My mom is visiting me for the next 2 weeks. This morning, she said, “Can you explain this ‘twitter’ thing to me over lunch?’.

I could not resist rushing out to tweet it 😉


This got some interesting responses, including one from Dean Shareski, who asked me to record the conversation.

So at lunch time, I sent out a repeat request.

Twitter in Mom English
Twitter in Mom English flickr photo by cogdogblog shared into the public domain using Creative Commons Public Domain Dedication (CC0)

I first sat Mom down at the computer to watch the Common Craft Twitter in Plain English video

I then turned on the recorder to capture our conversation (it was great because tweets were coming in as we were talking).


Here’s what twitter can accumulate for the related tweet (well they broke their own search links, here’s best I can ressurect)

Listen to our conversation

Thanks, Mom!

Featured Image:

"So What is this 'Twitter' Thing?'
“So What is this ‘Twitter’ Thing?’ flickr photo by cogdogblog shared into the public domain using Creative Commons Public Domain Dedication (CC0)

If this kind of stuff has value, please support me by tossing a one time PayPal kibble or monthly on Patreon
Become a patron at Patreon!
Profile Picture for cogdog
An early 90s builder of the web and blogging Alan Levine barks at on web storytelling (#ds106 #4life), photography, bending WordPress, and serendipity in the infinite internet river. He thinks it's weird to write about himself in the third person.


  1. Love love this precious post and recording. I want to talk to your mom now. I’d ask her what were you like as a kid

    1. @Julia- thanks, my Mome was very touched by all the feedback and comments.

      I can tell you a a kid I was a smart ass brat, perfect training to be a blogger.

      Mom would likely say I was some sort of perfect angel (they tend to gloss over things) and she is still coming to grips with my admission that as teens me and my friends drained all the liquor bottles in the cabinet.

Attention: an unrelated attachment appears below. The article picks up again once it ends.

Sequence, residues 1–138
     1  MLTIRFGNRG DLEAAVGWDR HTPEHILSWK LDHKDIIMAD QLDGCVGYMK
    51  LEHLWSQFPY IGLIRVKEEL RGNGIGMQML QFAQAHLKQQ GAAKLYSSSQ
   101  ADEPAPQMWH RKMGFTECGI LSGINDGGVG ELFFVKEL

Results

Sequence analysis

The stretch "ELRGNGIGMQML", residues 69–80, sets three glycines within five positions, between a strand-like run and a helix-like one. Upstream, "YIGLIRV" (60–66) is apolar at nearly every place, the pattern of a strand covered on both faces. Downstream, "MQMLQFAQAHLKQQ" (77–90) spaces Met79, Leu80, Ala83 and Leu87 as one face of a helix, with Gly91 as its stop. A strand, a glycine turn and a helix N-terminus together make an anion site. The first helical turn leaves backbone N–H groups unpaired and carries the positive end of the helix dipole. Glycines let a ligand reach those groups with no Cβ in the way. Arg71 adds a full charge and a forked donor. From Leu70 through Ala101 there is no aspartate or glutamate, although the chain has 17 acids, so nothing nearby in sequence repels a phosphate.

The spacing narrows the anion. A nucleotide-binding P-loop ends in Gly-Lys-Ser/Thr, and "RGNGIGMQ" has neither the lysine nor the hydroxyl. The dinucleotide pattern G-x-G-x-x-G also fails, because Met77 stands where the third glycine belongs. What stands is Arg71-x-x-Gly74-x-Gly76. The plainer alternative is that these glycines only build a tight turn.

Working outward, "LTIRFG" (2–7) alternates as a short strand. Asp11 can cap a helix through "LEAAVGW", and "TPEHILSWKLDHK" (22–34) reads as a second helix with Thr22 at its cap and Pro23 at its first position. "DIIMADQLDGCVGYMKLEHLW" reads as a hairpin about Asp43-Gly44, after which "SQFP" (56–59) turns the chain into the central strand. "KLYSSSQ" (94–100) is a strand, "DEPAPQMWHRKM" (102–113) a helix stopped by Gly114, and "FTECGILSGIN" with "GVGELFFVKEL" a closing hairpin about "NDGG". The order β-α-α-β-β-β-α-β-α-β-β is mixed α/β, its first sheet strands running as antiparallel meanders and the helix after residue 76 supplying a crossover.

2. Out of all the introductions to Twitter one can find on the web, this is going to be my new favourite!

    Thank you so much for sharing your conversation.

  3. This post is one of my all time favorites. I can tell your mom is a”life long learner”! She asked terrific questions. Tell her if she doesn’t want to twitter she should consider blogging. We need voices like hers in the mix.

    I wish I were in the classroom still so I could share this with the students – they could come up with some other ways to share the teaching and the learning, like you both did. Thanks for the continued learning Alan. It is inspiring. Plus, you make it so much fun! Hmmmm, any school people out there thinking of ways to apply this in the classrooms?

  4. thanks for sharing this – there is so *much* wonderful about it. I second all that’s been said and will add 2 thoughts:

    1. Your mom could become an internet sensation if she *did* decide to tweet!

    2. thanks for sharing/modelling being “open” in this way. one thing that comes up for me lots as I participate in cck09 and am confronted with the issue of open in all my professional worlds is what ought to be open (everything? just finished stuff that people might want to pick up and use like courses/lesson plans, papers, etc? what about acts of teaching? messy processes?). here you give us a nice example of open teaching. kudos to your buddy who suggested you record it!

  5. she gets it! & you were very patient & sweet while teaching twitter to her. wish & pray that our baby maia will be as patient & sweet to me & hubby, @qpidx, when we’re that age.

    does your mom now have a twitter account? if so, i would follow her! by the way, i’m now following you 🙂

    thanks for also sharing the common craft video. i’ll make sure to bookmark it for the next time my folks ask about twitter.

    more power!

  6. I think this is just so delicious….

    My Indonesian Chinese Mom who lives in Singapore peeps into my niece’s facebook daily to check my status (I live in Thailand). She will either call or SMS me. FYI, mom is 78 years old.

    Happy Thanksgiving.

Leave a Reply

Your email address will not be published. Required fields are marked *